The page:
I feared that Matthew White’s hard-boiled and raucous revival might not survive the switch. After all, the Menier musicals always operate on a surprise basis of overcoming the odds stacked against them.
I should have known better. Just as La Cage aux Folles preserved its sleazy backstage authenticity at the Playhouse, and A Little Night Music shimmered just the same at the Garrick, so Sweet Charity socks it to us big time at the Haymarket, with the band upstage behind a slightly larger backdrop on Coney Island and Tamzin Outhwaite moving up a gear with no trouble.
Hers was always a beautifully resourceful, touching and funny performance, but she’s added not only steel and volume but also a sense of walking straight into things without realising the consequences. She’s open-hearted and goofy at the same time.
And while Outhwaite may not be a virtuoso dancer in the role like Gwen Verdon or Juliet Prowse – this shows up in the difficult “If My Friends Could See Me Now” in the film star’s bedroom, which sags a bit – she compensates with a spirit the size of the Jersey tunnel.
It’s a bonus that Mark Umbers plays all the men (not) in her life; not just the preening film star Vittorio Vidal and the nervy tax accountant Oscar Lindquist, but also the jerk who pushes her in the lake in the first scene and the handsome GI who offers her a light in the last.
Umbers is the real deal, our best new leading musicals man for a long time, John Barrowman with chest hair, and his triumph at the Haymarket is the match of Outhwaite’s.
Renewed bravoes, too, for Josefina Gabrielle (doubling the most cynical slapper with Vidal’s screeching diva girlfriend) and Tiffany Graves, whose elevation and extension – I think these are technical terms – are a thing of wonder; she’s got a great ass, too.
Stephen Mear’s choreography is a jitterbug-based series of robotic limb movements, faintly indebted to Bob Fosse, but wittily “period” in its own right, especially in the nightclub scene (where Ebony Molina is a silver sensation) and the Rhythm of Life Church, where the congregation is a stoned hippie-Hair-style snake dance.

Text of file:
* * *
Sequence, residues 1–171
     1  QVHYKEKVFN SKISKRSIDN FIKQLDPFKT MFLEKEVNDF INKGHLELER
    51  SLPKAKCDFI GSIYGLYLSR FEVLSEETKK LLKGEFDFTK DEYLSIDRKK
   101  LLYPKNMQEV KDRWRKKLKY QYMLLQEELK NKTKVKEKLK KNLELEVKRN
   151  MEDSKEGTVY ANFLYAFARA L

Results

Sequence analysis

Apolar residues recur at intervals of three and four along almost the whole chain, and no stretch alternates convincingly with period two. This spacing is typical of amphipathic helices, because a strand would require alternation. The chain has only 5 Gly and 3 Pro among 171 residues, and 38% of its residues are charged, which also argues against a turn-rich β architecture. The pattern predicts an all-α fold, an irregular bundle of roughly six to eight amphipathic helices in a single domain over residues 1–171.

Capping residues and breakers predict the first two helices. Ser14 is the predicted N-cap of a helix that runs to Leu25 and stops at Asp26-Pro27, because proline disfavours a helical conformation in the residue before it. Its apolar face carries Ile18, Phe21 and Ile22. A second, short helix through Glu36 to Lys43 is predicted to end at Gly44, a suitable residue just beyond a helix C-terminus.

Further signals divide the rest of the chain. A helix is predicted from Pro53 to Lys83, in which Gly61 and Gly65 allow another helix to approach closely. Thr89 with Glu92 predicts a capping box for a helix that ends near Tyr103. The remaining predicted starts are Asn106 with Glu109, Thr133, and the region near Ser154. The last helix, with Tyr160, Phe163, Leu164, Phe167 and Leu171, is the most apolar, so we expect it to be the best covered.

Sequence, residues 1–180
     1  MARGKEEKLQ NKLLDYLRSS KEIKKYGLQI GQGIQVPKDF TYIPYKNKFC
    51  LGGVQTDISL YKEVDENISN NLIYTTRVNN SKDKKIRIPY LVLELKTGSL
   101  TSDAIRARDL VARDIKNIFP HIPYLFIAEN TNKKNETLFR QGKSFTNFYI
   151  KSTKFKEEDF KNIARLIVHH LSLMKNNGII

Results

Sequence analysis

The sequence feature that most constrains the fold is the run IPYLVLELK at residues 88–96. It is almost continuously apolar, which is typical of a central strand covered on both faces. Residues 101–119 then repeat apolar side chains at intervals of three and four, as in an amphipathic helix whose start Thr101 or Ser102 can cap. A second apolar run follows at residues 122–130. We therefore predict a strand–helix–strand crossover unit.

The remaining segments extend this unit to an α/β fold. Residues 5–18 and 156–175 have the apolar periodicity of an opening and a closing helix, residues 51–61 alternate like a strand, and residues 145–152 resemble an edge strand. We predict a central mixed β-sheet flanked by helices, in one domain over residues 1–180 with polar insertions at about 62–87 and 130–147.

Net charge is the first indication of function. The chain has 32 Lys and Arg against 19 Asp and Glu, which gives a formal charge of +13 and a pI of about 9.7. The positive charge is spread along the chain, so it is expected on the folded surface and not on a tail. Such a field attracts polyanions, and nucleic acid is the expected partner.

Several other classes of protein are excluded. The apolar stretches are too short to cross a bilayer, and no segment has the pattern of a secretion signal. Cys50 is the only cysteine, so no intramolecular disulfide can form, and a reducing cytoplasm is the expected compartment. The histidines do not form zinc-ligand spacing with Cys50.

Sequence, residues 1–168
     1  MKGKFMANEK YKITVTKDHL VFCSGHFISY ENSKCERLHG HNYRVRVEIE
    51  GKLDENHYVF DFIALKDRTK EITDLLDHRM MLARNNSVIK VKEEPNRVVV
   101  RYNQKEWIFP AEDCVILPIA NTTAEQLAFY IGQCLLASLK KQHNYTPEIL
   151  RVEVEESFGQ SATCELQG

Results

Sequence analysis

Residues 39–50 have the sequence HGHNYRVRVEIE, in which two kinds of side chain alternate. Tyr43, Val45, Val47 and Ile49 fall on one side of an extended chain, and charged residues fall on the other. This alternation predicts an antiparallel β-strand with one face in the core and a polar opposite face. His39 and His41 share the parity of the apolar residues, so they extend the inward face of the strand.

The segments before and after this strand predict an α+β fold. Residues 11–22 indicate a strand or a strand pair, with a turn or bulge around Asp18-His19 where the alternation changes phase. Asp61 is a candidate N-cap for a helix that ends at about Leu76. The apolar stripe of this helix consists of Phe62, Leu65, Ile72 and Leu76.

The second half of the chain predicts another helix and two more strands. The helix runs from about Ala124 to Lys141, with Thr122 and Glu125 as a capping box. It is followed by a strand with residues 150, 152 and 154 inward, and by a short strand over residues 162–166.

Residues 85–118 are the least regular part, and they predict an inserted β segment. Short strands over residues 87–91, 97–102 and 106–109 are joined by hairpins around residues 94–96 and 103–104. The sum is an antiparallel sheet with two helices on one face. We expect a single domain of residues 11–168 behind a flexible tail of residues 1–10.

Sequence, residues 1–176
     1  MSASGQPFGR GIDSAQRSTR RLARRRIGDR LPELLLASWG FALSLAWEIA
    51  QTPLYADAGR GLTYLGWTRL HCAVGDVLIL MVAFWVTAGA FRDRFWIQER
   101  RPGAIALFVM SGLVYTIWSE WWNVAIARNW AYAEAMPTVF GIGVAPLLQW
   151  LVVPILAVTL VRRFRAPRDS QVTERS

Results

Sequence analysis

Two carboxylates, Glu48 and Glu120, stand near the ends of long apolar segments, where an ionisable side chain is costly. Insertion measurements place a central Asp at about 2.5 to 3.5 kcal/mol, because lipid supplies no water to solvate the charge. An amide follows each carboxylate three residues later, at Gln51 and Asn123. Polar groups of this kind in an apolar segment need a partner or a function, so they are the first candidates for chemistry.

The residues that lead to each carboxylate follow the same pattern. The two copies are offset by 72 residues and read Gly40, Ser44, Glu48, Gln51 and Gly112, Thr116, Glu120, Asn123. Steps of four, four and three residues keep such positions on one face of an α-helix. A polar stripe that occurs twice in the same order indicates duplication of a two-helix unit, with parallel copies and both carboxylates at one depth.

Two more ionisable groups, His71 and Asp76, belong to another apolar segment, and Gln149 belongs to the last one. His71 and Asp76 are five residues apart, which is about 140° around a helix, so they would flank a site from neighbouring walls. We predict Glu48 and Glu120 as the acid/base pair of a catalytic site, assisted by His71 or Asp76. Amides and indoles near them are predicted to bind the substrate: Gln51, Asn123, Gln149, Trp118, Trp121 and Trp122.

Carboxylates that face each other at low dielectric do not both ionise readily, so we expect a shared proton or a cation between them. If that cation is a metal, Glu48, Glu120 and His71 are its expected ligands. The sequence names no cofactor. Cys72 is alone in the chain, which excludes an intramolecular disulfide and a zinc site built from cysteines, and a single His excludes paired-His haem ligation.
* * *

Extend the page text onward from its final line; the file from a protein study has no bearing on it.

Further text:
- Michael Coveney
NOTE: The following FIVE STAR review dates from December 2009, and this production's premiere at the Menier Chocolate Factory
The minute you walk in the joint, you can see the Menier’s revival of the 1966 Neil Simon, Cy Coleman and Dorothy Fields New York musical is a Christmas cracker.
The trumpets blare out the opening notes of a brassy summons to the Manhattan skyline on a platform above the stage. Tamzin Outhwaite’s unhappy hooker with a heart of gold falls in the Central Park lake.
She’s fished out and heads for work in the dance-hall, where the girls line up with the Bob Fosse-style spread-eagled, over-made-up ferocity of a bunch of drag queens. Fun, laughs, good times: that’s what’s on offer, and you’d better believe it.
It’s ten years since Bonnie Langford gamely strutted her stuff through a woefully cheapskate, provincial West End revival, so the time might be right for this one. And Matthew White’s production, brilliantly choreographed by Stephen Mear as a series of Sixties pop art tableaux vivants - “The Rhythm of Life” is a stoned, snake-like hilarious hippie send up of Hair - pins down the smart, sassy sentimentality of the musical with a vengeance.
Outhwaite’s a revelation. A proven dramatic actress on stage and screen, she has a blistering musical comedy presence, and athleticism, that makes you forget you’re sorry you’re not watching Shirley MacLaine in the movie after about ten seconds. And she’s backed by a cast of hand-picked high-energy soloists who meld into a truly dynamic ensemble.
Best of all there’s Mark Umbers (once the definitive Freddie Eynsford-Hill) as the nervy tax accountant Oscar - love strikes in the first and only Broadway Act One closer set in a jammed elevator, played here like a snappy Mike Nichols and Elaine May sketch - and Josefina Gabrielle as the most cynically world weary prostitute.
These two, in a stroke of genius, are doubled with the vain movie star and his irate leading lady in the black and white bust-up, Outhwaite smuggled into the star’s transparent wardrobe to witness their carnal reconciliation. But the whole cast kicks, from Tiffany Graves’ sexily astrin-gent Helene and Annalisa Rossi’s smoky-voiced Carmen right through to Paul J Medford’s Afro-bobbing Daddy and Jack Edwards’ nightclub owner.
Tim Shortall’s witty sets leave a clear stage when needed and Nigel Lilley’s musical direction makes hay with Chris Walker’s new orchestrations. With its surprise, bitter sweet ending (incorporating the truth of the Fellini film source), great libretto and string of knock-out songs - “I’m a Brass Band” is an ensemble item of genius to convey Charity’s lit up emotional state - you can turn up, sit back and enjoy the top treat in town this holiday season.